Monday, October 17, 2016

Minimalism and privilege

Cait Flanders' post about minimalism being a privilege got me thinking so much today that I wanted to blog about it.

I completely agree that being able to intentionally declutter your stuff, simplify your life and commitments and so on is a privilege that not everyone has. If I need to replace something I've declutter, I can without any great hardship. Unfortunately not everyone can say the same.

There was a time in my life when, had you mentioned privilege to me, I would have immediately gotten defensive and explained how I worked hard, studied, made good, decisions, etc. to get where I am in life. And I did. But since then I have grown to recognize that other factors I had no control over also played a role. Where I grew up, the country of my birth, my family, and so on, helped put me on the path to success. While my family wasn't rich, I was never hungry or cold. I had everything I needed and most everything I wanted growing up. My parents valued education, working hard and getting good grades and taught me to do the same. There was never a question of if I was going to college, only where and what I wanted to study. Without that  upbringing and those expectations, would I still be where I am today? Without my mother's encouragement, and sometimes even well-timed threats, would I have finished college once homesickness sunk in or classes got hard? I don't know, but lucky for me, I didn't have to find out.

So there is absolutely privilege in choosing minimalism and we should all recognize that.

But the part of Cait's post that made me react the most was when she talks about questioning everything she's ever written and no longer wanting to write about "what items to declutter or her minimalist beauty routine." I too am turned off by the one-size-fits-all definition of minimalism, because there isn't one. What's just enough to me might be way too much for you.

But just because we don't all experience the same issues, or don't all have the same privileges, doesn't mean there isn't value in discussing your own experiences. There are a lot of privileged, overconsuming people out there and whatever makes each of us question our own choices is a good thing if you ask me. Maybe a post about decluttering will make someone donate some things that are just gathering dust, but that someone else could use. Or maybe reading about someone's simplified beauty routine will convince someone to stop buying products they don't really need, which will save some resources. Or hearing how someone cut expenses will help someone else do the same. And maybe that will lead to financial security, realizing you have more than enough and donating to others in need. Little steps can still snowball in the right direction.

I can summarize my definition of minimalism in two words: question everything. Experiment and re-examine what you do, buy, keep to make sure it's really important to you and adds value to your life. And then let go of the stuff that doesn't. It's not complicated, but that doesn't mean it's always easy. And share your experiences. Some of it may resonate and some may not, but I think there's more good than bad to be had by sharing and encouraging others to question things for themselves.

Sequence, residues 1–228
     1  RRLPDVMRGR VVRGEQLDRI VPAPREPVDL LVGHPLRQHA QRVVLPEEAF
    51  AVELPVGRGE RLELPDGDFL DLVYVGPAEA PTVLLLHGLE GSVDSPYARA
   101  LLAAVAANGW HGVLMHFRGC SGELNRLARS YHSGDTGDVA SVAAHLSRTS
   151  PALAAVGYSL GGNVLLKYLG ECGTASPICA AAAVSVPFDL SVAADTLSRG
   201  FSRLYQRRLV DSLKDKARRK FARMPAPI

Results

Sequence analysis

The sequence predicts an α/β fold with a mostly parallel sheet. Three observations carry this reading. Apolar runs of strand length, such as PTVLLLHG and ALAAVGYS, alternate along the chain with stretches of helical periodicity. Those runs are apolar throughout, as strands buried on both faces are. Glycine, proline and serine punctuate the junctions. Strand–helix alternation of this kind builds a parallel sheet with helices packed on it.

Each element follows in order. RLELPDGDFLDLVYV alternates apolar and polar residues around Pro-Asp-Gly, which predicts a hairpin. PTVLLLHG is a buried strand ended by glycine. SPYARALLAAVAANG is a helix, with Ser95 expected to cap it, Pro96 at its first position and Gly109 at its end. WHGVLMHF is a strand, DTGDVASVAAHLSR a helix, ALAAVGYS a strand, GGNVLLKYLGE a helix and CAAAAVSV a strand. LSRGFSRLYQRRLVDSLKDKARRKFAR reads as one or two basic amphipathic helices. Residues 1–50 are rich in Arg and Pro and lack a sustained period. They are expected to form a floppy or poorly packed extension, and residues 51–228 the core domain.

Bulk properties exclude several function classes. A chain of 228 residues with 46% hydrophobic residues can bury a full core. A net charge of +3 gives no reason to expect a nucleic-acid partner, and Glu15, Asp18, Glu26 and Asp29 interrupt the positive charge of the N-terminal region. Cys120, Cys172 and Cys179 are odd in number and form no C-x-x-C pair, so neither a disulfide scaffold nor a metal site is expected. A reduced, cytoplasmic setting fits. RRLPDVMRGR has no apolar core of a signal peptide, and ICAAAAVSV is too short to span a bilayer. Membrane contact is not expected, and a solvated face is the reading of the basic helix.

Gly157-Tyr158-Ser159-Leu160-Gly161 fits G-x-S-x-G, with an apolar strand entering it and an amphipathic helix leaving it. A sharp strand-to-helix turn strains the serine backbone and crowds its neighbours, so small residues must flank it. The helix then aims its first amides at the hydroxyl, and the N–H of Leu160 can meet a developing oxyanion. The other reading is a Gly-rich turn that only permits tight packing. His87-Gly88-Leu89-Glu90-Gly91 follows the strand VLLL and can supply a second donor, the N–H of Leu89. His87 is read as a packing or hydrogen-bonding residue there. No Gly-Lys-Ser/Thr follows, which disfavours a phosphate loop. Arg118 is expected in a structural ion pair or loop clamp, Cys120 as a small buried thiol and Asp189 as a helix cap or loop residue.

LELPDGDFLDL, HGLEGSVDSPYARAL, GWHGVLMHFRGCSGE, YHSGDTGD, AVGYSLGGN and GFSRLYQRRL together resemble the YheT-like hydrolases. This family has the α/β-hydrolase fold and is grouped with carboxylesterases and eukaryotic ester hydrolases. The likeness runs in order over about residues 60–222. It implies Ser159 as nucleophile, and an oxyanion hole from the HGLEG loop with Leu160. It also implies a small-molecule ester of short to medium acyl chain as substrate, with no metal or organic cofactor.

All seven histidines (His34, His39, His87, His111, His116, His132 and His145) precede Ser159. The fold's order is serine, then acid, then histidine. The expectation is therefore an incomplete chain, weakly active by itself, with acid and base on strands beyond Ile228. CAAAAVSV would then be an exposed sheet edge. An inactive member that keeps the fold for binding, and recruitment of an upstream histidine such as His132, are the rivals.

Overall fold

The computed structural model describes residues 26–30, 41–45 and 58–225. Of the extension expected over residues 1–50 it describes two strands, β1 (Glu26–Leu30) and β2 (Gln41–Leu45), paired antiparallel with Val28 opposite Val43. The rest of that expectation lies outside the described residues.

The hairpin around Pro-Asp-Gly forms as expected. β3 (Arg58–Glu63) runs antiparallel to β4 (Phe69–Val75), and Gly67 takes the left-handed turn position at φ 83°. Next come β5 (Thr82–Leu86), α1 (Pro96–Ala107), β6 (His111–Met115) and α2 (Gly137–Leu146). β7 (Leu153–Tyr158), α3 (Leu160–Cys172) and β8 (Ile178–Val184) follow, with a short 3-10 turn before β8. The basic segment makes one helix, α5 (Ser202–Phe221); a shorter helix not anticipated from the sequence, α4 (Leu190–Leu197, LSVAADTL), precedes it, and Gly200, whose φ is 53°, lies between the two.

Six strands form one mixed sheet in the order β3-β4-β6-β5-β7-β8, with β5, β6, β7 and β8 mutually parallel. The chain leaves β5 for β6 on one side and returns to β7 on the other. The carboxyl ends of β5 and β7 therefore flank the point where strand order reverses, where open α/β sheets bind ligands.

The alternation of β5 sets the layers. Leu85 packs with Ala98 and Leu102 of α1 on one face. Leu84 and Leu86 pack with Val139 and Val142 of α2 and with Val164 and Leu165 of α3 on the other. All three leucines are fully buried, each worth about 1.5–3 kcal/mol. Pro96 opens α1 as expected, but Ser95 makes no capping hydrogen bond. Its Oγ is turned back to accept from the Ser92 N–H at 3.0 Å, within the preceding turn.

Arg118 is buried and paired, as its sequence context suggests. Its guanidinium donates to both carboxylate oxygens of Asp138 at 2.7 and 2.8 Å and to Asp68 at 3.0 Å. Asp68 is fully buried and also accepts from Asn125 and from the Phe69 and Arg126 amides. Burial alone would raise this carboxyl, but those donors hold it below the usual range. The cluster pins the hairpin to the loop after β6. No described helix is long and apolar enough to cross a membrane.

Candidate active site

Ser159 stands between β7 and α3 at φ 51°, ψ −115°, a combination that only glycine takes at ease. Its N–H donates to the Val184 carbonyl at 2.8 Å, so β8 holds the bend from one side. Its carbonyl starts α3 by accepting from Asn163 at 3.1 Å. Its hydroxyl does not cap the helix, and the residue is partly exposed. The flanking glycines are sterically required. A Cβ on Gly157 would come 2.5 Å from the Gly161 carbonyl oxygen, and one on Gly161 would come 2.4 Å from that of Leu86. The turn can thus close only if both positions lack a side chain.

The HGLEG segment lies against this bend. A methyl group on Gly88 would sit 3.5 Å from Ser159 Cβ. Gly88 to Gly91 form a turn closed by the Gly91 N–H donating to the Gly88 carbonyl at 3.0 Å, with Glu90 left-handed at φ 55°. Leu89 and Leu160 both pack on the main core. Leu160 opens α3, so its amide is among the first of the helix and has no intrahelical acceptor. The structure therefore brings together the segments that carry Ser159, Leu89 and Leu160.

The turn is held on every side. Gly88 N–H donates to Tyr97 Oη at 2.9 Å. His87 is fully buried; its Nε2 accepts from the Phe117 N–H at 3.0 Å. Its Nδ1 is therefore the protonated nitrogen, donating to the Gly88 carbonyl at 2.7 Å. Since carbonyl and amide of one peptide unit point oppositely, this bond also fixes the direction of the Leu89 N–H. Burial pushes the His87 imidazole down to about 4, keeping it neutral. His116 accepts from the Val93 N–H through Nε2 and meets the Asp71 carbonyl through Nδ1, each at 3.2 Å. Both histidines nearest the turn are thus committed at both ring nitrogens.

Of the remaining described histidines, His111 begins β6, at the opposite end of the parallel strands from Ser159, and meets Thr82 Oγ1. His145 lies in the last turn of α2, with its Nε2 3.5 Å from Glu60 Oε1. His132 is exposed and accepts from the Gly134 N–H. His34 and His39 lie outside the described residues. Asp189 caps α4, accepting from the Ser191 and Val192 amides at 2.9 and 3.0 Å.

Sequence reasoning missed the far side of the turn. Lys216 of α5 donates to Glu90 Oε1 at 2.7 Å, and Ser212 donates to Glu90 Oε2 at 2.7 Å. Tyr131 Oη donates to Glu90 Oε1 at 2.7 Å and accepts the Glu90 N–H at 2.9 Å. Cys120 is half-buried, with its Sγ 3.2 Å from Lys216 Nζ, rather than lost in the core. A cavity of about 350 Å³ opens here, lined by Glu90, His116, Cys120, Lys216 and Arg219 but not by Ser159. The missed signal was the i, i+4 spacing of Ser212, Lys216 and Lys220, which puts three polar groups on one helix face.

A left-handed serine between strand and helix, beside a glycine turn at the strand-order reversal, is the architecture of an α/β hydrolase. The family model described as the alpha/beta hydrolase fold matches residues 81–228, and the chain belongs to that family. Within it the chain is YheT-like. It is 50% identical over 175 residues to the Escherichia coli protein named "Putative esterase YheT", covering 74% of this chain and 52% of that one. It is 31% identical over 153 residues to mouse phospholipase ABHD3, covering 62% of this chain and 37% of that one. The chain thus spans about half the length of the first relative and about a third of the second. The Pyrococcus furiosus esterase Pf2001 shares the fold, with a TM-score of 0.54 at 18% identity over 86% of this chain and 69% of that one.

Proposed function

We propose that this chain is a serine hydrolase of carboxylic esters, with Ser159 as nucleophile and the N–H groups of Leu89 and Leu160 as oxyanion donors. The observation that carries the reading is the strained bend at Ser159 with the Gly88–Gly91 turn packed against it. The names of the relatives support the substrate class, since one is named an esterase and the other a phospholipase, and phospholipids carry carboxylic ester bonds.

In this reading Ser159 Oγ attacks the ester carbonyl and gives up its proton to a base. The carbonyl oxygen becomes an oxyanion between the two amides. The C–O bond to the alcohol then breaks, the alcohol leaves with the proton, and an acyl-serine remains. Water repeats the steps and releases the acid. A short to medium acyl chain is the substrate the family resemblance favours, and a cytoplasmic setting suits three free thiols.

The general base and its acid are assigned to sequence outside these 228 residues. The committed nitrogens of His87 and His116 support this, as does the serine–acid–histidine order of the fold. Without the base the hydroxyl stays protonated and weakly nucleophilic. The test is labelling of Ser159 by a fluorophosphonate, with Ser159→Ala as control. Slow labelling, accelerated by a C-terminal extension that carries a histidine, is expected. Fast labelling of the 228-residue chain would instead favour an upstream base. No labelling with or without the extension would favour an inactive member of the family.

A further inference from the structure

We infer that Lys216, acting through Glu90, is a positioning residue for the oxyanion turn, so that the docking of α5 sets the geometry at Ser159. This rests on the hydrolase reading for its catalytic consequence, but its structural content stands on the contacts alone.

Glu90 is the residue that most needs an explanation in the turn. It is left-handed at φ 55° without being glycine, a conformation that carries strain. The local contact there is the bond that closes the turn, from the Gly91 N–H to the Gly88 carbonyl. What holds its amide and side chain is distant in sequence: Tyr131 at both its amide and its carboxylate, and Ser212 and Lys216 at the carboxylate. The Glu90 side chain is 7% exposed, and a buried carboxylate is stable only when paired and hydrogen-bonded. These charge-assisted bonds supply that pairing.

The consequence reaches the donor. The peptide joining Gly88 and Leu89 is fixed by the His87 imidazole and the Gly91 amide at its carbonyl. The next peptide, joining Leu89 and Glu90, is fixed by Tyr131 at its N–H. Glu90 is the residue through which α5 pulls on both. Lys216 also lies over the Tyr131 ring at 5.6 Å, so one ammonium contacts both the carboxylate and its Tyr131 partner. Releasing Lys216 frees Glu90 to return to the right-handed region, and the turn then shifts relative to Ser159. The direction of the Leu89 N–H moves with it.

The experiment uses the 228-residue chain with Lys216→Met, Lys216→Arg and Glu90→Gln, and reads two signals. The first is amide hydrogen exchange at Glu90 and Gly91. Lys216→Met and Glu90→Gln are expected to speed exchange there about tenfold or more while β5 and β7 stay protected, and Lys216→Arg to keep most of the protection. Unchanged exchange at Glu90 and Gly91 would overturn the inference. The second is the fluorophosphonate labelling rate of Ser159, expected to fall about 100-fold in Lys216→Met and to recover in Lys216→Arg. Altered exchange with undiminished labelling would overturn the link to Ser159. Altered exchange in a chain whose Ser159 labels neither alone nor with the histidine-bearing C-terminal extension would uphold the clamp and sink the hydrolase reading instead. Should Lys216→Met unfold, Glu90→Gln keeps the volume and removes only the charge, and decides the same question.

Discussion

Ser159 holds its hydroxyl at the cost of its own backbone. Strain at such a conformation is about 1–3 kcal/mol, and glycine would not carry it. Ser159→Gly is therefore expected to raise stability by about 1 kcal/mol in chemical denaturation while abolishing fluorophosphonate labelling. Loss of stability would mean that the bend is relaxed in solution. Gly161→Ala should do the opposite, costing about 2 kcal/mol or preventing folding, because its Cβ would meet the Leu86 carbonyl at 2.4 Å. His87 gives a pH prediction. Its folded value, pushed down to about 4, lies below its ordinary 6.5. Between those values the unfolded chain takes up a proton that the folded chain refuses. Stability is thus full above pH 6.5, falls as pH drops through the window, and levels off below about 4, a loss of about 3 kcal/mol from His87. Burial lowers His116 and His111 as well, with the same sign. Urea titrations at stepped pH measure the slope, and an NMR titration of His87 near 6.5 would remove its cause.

Monday, October 3, 2016

Tech-yes or tech-no?

I got my first smart phone two years ago, but only because I inherited it. My ipod is a second generation ipod nano. So saying I'm a late adopter is a bit of an understatement.

So when I came home one day to see this ultra mod black circle hanging on the wall, the first thing out of my mouth was, "What IS that hideous thing?" That blob marring the 1940s charm of min hus is none other than the second gen Nest. So needless to say, my first impression wasn't overly positive, but bit by bit the Nest has grown on me.

The good

The best part about the Nest for me is being able to check the temperature on the go. Worried about forgetting to turn the thermostat up or down before you left the house? Wondering what bill-raising temperature your significant other has cranked the thermostat to this time? No worries, you can check and adjust it from anywhere with just an app and an Internet connection. And believe me I do.

I'm also a fan of charts so the history feature, which shows how much energy you've used on heating or cooling each day is super motivating. This one showing no usage for a solid week is my personal best and you can bet I want to keep that streak a rollin'.

The not-so-great

The self-learning feature of Nest is one of the most touted yet so far I haven't found it to be super effective. Somehow it seems to learn the temporary changes I don't want it to while not quite picking up on our usual schedule. However, the Nest is also super easy to program so making fixes is a snap. Plus, the fact that there's no limit of how many changes you can make per day makes the Nest heads and tails way more effective than your typical cheap programmable thermostat.

But does it save you money?

Money savings has been a little harder track. My power bills this summer have been running higher than last year, but so has the average temperature. I am a little skeptical of how much money the Nest could potentially save, especially given it's much higher price tag than the typical non-smart programmable thermostat. But I've stopped overriding the program like I used to with the old system and I certainly pay much more attention to how much energy the HVAC system uses than ever before since getting it. And maybe that's benefit enough, especially since the boy got a deal on the Nest

Do you have a smart thermostat and, if so, do you find them an effective energy-saving tool?


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